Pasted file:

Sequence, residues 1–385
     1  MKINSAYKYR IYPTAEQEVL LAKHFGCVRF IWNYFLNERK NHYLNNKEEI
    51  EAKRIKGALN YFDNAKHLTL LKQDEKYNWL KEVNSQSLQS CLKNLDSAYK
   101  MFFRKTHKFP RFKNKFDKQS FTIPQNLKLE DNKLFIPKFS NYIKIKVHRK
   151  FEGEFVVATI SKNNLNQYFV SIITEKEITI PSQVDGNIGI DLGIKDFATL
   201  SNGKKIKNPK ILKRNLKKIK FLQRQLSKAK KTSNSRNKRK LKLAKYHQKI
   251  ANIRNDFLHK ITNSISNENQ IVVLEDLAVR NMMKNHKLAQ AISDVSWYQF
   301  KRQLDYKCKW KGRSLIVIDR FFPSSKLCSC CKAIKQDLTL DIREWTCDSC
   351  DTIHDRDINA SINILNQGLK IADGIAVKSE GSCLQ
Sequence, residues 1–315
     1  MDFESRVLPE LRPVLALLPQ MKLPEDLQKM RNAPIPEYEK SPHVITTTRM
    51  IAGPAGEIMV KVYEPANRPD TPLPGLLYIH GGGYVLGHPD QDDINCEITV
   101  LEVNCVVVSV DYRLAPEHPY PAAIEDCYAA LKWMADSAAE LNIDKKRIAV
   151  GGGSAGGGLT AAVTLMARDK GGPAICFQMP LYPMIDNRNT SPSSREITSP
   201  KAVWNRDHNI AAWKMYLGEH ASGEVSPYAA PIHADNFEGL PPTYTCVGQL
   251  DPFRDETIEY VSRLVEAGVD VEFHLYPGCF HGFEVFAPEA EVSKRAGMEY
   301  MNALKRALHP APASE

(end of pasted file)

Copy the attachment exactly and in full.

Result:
Sequence, residues 1–385
     1  MKINSAYKYR IYPTAEQEVL LAKHFGCVRF IWNYFLNERK NHYLNNKEEI
    51  EAKRIKGALN YFDNAKHLTL LKQDEKYNWL KEVNSQSLQS CLKNLDSAYK
   101  MFFRKTHKFP RFKNKFDKQS FTIPQNLKLE DNKLFIPKFS NYIKIKVHRK
   151  FEGEFVVATI SKNNLNQYFV SIITEKEITI PSQVDGNIGI DLGIKDFATL
   201  SNGKKIKNPK ILKRNLKKIK FLQRQLSKAK KTSNSRNKRK LKLAKYHQKI
   251  ANIRNDFLHK ITNSISNENQ IVVLEDLAVR NMMKNHKLAQ AISDVSWYQF
   301  KRQLDYKCKW KGRSLIVIDR FFPSSKLCSC CKAIKQDLTL DIREWTCDSC
   351  DTIHDRDINA SINILNQGLK IADGIAVKSE GSCLQ
Sequence, residues 1–315
     1  MDFESRVLPE LRPVLALLPQ MKLPEDLQKM RNAPIPEYEK SPHVITTTRM
    51  IAGPAGEIMV KVYEPANRPD TPLPGLLYIH GGGYVLGHPD QDDINCEITV
   101  LEVNCVVVSV DYRLAPEHPY PAAIEDCYAA LKWMADSAAE LNIDKKRIAV
   151  GGGSAGGGLT AAVTLMARDK GGPAICFQMP LYPMIDNRNT SPSSREITSP
   201  KAVWNRDHNI AAWKMYLGEH ASGEVSPYAA PIHADNFEGL PPTYTCVGQL
   251  DPFRDETIEY VSRLVEAGVD VEFHLYPGCF HGFEVFAPEA EVSKRAGMEY
   301  MNALKRALHP APASE